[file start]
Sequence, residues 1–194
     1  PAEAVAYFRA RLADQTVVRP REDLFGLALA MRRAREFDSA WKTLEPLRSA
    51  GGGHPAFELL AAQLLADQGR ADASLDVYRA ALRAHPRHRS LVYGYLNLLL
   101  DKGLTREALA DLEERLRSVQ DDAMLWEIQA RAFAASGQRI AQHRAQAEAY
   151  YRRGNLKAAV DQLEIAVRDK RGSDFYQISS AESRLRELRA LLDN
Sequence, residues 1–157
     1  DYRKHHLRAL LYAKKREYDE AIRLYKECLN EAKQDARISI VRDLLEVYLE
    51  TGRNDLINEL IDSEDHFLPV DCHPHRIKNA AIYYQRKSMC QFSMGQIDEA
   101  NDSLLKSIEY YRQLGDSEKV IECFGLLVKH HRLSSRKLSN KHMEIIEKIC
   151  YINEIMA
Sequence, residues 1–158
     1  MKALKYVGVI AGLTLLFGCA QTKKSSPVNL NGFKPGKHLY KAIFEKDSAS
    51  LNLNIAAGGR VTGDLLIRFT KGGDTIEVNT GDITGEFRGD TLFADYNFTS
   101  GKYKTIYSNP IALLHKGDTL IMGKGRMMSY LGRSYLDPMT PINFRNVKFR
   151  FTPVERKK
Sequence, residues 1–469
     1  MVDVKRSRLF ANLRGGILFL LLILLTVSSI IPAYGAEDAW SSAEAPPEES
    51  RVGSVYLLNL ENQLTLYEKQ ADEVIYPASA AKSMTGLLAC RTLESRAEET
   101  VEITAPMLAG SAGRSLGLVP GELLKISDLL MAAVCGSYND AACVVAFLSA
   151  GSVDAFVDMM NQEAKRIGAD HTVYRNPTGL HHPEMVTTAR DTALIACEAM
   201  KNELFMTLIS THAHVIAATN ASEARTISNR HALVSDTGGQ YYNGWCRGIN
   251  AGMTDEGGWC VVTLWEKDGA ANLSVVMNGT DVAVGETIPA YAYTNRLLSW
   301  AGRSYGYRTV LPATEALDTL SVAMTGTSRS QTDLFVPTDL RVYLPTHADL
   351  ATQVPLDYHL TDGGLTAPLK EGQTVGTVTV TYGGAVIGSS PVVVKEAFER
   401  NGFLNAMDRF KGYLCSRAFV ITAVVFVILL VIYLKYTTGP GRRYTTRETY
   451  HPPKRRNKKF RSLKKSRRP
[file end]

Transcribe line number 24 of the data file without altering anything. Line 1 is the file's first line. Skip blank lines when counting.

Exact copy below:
   351  ATQVPLDYHL TDGGLTAPLK EGQTVGTVTV TYGGAVIGSS PVVVKEAFER